Zao Wou-ki, Abstract Painter, Dies at 92
Francois Guillot/Agence France-Presse — Getty Images
By PAUL VITELLO
Published: April 11, 2013
Zao Wou-ki, a Chinese émigré who merged Eastern and Western aesthetic traditions in his abstract paintings — helping to shape avant-garde art in postwar Europe and attracting a newly wealthy Asian following that made him one of the most commercially successful living artists in either hemisphere — died on April 9 in Nyon, Switzerland. He was 92.
Zao Wou-Ki/2013 Artists Rights Society (ARS), New York, via ADAGP, Paris
The cause was complications of Alzheimer’s disease, said a spokesman for his wife, Françoise Marquet, a former curator of the Museum of Modern Art of Paris.
Mr. Zao’s paintings, which are in the collections of the Museum of Modern Art, the Guggenheim and the Tate Modern, among others, have sold at auction in recent years for between $1 million and $2 million each. Since 2011, when sales of his paintings totaled $90 million, art journals and art dealers have frequently referred to him as the top-selling living Chinese artist.
Finding his own identity in that label — as a Chinese artist — was the crucible of Mr. Zao’s artistic vision.
Leaving China just ahead of the Communist takeover, Mr. Zao settled in 1948 in Paris, where his first sustained exposure to Western Modernist painting left him feeling ambivalent about the classical forms of landscape and calligraphic ink painting in which he had been trained. He loved the work of the Impressionists and Expressionists, and of contemporary artists like Jackson Pollock and Franz Kline.
But through nonobjective Western painting, especially the work of Paul Klee, who was influenced by traditional Chinese and Japanese art, Mr. Zao gained new insights into what the British art historian Michael Sullivan called “the Abstract Expressionist element in his own tradition.”
As Mr. Zao explained in a 1962 interview with the French magazine Preuves, “Although the influence of Paris is undeniable in all my training as an artist, I also wish to say that I have gradually rediscovered China.” He added, “Paradoxically, perhaps, it is to Paris I owe this return to my deepest origins.” He became a French citizen in 1964.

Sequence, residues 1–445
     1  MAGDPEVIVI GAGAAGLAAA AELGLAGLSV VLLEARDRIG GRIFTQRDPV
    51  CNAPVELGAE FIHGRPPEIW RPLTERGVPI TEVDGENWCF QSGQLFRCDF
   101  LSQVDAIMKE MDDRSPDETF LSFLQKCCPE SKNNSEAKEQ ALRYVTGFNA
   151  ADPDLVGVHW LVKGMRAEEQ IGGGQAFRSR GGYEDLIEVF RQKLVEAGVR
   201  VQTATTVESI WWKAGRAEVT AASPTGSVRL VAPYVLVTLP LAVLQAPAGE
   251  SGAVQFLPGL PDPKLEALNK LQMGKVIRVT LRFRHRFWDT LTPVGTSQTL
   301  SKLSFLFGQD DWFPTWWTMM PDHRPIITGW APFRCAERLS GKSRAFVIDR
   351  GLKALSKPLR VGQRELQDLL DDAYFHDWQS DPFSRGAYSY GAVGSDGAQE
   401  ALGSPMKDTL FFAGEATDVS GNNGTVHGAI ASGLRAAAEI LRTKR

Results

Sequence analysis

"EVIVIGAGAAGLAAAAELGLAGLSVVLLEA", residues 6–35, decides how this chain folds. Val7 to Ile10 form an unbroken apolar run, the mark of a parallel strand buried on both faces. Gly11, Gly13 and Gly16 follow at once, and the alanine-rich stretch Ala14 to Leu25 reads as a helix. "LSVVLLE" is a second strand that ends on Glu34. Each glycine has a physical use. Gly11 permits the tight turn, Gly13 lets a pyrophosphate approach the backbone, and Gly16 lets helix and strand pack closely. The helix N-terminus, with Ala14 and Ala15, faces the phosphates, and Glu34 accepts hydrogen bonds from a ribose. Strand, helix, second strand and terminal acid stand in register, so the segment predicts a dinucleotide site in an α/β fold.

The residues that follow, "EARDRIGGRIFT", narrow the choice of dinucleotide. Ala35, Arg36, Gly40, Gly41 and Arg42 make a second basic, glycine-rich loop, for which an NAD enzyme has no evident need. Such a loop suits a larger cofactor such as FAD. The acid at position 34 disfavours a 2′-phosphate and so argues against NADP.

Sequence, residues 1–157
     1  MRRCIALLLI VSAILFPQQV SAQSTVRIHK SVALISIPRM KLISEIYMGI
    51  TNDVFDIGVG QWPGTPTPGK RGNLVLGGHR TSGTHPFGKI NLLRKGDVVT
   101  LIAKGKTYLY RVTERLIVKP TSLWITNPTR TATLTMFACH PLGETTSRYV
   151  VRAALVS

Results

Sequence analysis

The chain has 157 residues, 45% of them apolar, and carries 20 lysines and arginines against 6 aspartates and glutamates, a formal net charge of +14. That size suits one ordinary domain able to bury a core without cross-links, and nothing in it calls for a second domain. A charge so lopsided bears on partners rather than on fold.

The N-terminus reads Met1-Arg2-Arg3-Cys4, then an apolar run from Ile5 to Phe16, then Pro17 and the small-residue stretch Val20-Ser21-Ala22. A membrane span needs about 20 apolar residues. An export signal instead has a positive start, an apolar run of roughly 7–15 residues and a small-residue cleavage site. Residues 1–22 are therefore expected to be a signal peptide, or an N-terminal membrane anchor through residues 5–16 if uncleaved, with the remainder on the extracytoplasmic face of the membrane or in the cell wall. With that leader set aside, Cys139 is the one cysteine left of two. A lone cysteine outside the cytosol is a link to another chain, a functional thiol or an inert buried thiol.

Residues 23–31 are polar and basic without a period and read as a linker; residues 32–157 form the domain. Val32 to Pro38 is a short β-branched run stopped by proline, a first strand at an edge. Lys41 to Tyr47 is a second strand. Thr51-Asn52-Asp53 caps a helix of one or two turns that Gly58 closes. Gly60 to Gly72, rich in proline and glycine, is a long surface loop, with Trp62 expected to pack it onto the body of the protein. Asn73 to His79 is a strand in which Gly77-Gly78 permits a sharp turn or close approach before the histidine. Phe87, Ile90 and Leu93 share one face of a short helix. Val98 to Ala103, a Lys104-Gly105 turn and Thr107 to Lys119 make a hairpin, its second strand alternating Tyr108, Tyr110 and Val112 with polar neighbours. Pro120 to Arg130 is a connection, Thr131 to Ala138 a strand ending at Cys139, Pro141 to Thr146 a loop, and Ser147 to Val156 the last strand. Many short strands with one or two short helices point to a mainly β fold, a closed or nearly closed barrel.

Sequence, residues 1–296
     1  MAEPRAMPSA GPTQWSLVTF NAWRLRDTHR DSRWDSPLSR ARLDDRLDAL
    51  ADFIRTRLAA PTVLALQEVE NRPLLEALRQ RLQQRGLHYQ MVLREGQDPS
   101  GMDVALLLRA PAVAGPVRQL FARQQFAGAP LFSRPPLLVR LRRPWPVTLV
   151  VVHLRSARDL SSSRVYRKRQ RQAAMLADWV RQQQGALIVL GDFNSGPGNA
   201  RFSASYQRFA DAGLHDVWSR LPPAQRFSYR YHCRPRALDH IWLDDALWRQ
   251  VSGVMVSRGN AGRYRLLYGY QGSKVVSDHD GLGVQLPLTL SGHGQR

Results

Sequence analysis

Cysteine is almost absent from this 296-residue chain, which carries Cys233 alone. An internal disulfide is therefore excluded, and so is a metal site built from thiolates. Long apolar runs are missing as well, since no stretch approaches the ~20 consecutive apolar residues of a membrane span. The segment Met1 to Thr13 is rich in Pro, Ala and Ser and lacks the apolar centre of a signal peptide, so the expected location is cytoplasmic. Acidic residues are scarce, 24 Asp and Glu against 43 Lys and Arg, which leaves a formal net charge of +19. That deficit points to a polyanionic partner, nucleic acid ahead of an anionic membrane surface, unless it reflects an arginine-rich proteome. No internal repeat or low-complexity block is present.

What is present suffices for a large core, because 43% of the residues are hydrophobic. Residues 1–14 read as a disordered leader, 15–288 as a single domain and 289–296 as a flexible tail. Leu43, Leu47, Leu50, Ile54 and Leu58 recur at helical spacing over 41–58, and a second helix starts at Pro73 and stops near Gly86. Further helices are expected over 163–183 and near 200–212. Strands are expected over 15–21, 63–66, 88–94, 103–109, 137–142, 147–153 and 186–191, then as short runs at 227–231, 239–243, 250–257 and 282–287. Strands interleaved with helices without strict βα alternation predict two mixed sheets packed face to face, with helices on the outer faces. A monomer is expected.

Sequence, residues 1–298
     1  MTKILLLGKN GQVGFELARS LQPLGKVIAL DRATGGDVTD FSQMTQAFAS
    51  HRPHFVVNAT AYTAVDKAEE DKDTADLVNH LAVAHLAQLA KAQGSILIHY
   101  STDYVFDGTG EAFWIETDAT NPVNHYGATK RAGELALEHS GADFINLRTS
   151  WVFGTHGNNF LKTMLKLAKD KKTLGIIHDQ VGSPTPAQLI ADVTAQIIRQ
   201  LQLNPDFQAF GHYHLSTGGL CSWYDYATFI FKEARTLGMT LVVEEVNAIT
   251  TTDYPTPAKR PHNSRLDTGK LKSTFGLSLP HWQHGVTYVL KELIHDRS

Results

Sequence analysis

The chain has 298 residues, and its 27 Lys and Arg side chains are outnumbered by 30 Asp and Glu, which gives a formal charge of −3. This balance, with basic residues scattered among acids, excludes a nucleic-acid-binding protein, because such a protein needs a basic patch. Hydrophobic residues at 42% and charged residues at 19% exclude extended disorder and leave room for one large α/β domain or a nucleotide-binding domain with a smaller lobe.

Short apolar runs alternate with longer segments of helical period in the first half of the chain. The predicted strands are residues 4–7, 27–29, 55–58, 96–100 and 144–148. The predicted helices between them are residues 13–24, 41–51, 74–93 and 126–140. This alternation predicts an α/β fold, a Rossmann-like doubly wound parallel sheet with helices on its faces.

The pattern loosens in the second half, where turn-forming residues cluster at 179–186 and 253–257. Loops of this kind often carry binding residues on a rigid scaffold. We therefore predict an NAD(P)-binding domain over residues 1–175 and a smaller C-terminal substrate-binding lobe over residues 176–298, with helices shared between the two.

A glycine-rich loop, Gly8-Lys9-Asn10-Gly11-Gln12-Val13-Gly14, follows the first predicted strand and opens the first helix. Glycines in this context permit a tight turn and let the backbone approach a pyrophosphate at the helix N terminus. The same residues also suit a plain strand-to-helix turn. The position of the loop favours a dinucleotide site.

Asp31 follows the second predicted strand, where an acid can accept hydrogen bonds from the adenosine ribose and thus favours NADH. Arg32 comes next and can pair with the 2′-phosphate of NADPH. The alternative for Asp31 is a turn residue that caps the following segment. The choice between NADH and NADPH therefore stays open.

Mr. Zao’s canvases, known for their striking Modernist lines combined with color subtleties and three-dimensional perspective suggestive of Chinese landscape painting, began selling briskly in the 1960s in Paris, London and New York.
He was generally well received by critics. In a 1986 review in The New York Times, John Russell, praised his “rare gift for metamorphosis” and quoted approvingly from the catalog’s observation that Mr. Zao’s paintings achieved a sort of quantum duality, seeming to occupy two places at once: they “take us to a space not yet defined but in abeyance, hesitant, hovering one last moment before plummeting into what later will be order.”
Mr. Zao was embraced by artists and influential cultural figures in Paris. His work was anointed as an embodiment of “lyrical abstractionism,” the avant-garde movement of the day, and he became close friends with Alberto Giacometti, Joan Miró and the poet and painter Henri Michaux, who wrote a series of poems about his work.
Jacques Chirac, the former president of France and an Asian-art enthusiast who also became a friend, wrote the preface to the catalog for Mr. Zao’s first major Chinese retrospective, in Shanghai in 1998. In 2006, Mr. Chirac appointed Mr. Zao to the Legion of Honor, France’s highest recognition.
Zao Wou-ki was born on Feb. 13, 1921, in Beijing, the scion of a wealthy family. His father, a banker, encouraged his interest in art, sending him to study at the Hangzhou School of Fine Arts under Lin Fengmian, a respected artist who was later known as a pioneer of modern painting in China and was imprisoned for it during the Cultural Revolution. After five years as an art teacher at the school, Mr. Zao went to Paris in 1947 to take art courses. He moved there permanently the next year.
Married three times, Mr. Zao is survived by Ms. Marquet, his third wife, and a son from a previous marriage, Jia-Ling Zhao.
Asian demand for Mr. Zao’s work first took off in the 1970s and ’80s in Taiwan and Hong Kong. Most of the works he sold are held there privately. By the 2000s, when newly affluent Chinese collectors began to take interest in his work and learned that much of it was already sold, the market price for a Zao soared. In October 2011, Chinese buyers vied for an abstract 1968 painting that sold at auction for $8.8 million.
In interviews, Mr. Zao said his identity as an artist was forged in a difficult, years-long internal battle between Eastern and Western aesthetic values, fought on the field of every canvas he painted. (“It was harder than learning English,” he once said.) “Sometimes you must wear yourself out trying to understand,” he said.
What he understood in the end, he said, was simple: “Everybody is bound by a tradition. I am bound by two.”